Children in the child protection system need more say about their care, experts say
The Sector > Research > Allied Fields > Children in the child protection system need more say about their care, experts say

Children in the child protection system need more say about their care, experts say

by Freya Lucas

November 16, 2022

Children who are engaged with the child protection system should be more involved and should have a voice when making decisions about their protection, health experts from Charles Darwin University (CDU) and Australian Catholic University (ACU) have said. 


Researchers conducted in-depth interviews with 18 child protection practitioners to determine how they understood participation in the context of the child protection process, finding that while most practitioners understood participation they found it difficult to implement. Other practitioners interviewed discussed participation as child-focused decision-making but did not refer to the child’s involvement in the process.


The results, published in Child & Family Social Work, show that decisions were often being made about a child’s protection without any input from the child, co-author Dr Steven Roche said.


“The research suggests that there is a gulf between the theory of participatory decision making in child protection and the practice because there is not much reference to listening before acting,” he continued.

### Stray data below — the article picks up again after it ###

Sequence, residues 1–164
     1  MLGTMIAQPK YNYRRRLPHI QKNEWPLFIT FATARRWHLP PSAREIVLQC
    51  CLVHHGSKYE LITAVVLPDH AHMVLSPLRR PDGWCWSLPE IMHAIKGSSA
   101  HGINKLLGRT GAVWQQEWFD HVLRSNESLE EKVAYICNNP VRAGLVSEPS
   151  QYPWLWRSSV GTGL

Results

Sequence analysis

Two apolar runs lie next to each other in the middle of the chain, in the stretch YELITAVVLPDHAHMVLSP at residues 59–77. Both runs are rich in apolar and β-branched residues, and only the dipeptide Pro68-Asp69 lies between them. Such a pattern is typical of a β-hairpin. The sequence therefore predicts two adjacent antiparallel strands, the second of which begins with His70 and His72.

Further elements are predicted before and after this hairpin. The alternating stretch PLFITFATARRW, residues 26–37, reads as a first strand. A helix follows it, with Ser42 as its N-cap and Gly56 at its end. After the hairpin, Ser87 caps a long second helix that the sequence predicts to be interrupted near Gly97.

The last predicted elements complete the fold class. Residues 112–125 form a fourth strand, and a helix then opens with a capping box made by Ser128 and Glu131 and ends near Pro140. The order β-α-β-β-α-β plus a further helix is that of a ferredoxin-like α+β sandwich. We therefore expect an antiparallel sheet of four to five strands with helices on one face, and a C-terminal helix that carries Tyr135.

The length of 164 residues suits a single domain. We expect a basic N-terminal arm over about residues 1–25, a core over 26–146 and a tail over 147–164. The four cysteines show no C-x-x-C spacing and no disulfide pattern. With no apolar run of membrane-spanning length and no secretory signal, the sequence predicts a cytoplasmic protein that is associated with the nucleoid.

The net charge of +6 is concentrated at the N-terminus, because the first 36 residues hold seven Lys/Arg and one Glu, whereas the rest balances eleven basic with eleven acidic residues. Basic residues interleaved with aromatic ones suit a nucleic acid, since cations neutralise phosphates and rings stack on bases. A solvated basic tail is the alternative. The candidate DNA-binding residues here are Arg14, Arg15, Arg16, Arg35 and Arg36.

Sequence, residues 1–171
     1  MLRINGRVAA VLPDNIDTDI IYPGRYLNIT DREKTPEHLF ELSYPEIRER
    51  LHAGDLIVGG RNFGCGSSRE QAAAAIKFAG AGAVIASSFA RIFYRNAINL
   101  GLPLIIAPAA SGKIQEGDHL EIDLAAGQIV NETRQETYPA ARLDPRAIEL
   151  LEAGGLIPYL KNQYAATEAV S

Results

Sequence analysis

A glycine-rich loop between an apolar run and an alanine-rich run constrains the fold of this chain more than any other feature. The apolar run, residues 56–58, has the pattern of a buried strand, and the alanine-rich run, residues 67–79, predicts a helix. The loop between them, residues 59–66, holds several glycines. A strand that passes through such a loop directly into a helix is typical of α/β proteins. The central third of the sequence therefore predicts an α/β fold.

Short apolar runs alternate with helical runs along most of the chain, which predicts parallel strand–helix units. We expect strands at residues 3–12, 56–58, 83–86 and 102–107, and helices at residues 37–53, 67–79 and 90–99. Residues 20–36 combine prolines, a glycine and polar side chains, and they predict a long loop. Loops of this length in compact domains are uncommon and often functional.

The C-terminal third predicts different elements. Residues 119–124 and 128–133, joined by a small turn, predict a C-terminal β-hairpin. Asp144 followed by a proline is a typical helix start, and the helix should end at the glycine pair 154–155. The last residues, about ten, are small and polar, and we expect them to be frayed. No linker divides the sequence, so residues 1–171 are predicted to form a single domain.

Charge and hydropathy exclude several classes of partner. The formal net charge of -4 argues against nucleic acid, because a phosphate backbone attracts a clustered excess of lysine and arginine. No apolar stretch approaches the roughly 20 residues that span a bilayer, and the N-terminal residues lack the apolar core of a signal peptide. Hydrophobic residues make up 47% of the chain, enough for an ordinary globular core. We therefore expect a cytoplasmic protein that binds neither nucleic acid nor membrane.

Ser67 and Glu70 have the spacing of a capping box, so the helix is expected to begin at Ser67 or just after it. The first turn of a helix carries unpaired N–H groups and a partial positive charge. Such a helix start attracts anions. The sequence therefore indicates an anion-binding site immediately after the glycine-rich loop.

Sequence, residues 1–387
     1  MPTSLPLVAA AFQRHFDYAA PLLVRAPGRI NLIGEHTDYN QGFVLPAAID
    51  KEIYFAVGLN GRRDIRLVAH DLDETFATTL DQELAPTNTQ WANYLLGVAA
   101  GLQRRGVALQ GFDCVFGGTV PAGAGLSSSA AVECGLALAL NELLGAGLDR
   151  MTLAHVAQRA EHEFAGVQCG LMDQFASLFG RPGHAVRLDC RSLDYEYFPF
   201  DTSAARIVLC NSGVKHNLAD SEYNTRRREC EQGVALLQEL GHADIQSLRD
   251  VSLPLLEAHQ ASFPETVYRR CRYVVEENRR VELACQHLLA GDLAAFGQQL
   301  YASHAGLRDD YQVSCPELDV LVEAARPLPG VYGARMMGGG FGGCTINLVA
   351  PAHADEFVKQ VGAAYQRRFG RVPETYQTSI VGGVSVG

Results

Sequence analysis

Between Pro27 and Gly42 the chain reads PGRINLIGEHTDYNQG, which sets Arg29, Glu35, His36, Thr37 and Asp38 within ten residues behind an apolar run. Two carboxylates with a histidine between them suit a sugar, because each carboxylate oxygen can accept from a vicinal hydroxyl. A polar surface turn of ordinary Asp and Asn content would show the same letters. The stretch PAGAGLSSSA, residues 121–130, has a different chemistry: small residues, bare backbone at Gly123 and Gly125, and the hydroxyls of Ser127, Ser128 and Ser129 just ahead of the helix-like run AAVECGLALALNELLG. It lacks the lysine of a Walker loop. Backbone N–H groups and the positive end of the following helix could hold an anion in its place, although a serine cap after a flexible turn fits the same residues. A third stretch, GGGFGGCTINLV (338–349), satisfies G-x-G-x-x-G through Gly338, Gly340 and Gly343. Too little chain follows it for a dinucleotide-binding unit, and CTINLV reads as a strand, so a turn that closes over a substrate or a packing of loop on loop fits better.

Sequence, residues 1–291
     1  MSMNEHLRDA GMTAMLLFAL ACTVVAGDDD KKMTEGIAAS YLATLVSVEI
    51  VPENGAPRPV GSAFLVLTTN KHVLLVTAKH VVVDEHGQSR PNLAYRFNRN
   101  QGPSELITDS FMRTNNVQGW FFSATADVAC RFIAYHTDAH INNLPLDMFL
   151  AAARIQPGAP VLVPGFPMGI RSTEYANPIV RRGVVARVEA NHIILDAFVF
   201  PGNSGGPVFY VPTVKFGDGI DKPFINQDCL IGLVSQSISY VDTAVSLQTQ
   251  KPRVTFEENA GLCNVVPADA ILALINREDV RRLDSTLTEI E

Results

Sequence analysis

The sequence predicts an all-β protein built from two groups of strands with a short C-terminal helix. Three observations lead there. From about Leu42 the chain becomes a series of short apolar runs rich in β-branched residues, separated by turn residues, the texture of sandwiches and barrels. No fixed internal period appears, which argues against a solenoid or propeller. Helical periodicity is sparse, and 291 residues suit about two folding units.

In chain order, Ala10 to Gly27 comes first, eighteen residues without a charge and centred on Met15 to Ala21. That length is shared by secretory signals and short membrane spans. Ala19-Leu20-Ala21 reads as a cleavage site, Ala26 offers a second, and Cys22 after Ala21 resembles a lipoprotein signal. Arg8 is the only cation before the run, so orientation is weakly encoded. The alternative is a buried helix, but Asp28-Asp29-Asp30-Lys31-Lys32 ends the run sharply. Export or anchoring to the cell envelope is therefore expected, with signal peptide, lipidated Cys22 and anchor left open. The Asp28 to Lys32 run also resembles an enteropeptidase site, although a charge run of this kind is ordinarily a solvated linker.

“There is also a wide interpretation of what participation actually means in practice to decision makers.”


Dr Roche said the evidence has shown that participatory decision-making succeeds, but the problem was how practitioners interpreted the nuances of participation. 


Fellow author Dr Elise Woodman said there was a need to do more to ensure children consistently have child-friendly opportunities for participation.


“We need children’s input in the ways organisations operate, more training about how to go about children’s participation, and to consider the conditions and supports practitioners need to implement good participatory practice in a demanding environment,” Dr Woodman said. 


Despite best practice being widely known, there are ongoing challenges in the space, Dr Roche continued. 


“This is about children’s rights.  When children are engaged and understand the process, there are better long-term results,” he said.


“But it’s difficult to find the time to develop relationships and build trust with children when you have a high caseload, the threat of worker burnout, and a high staff turnover.”


Read the full research paper here.


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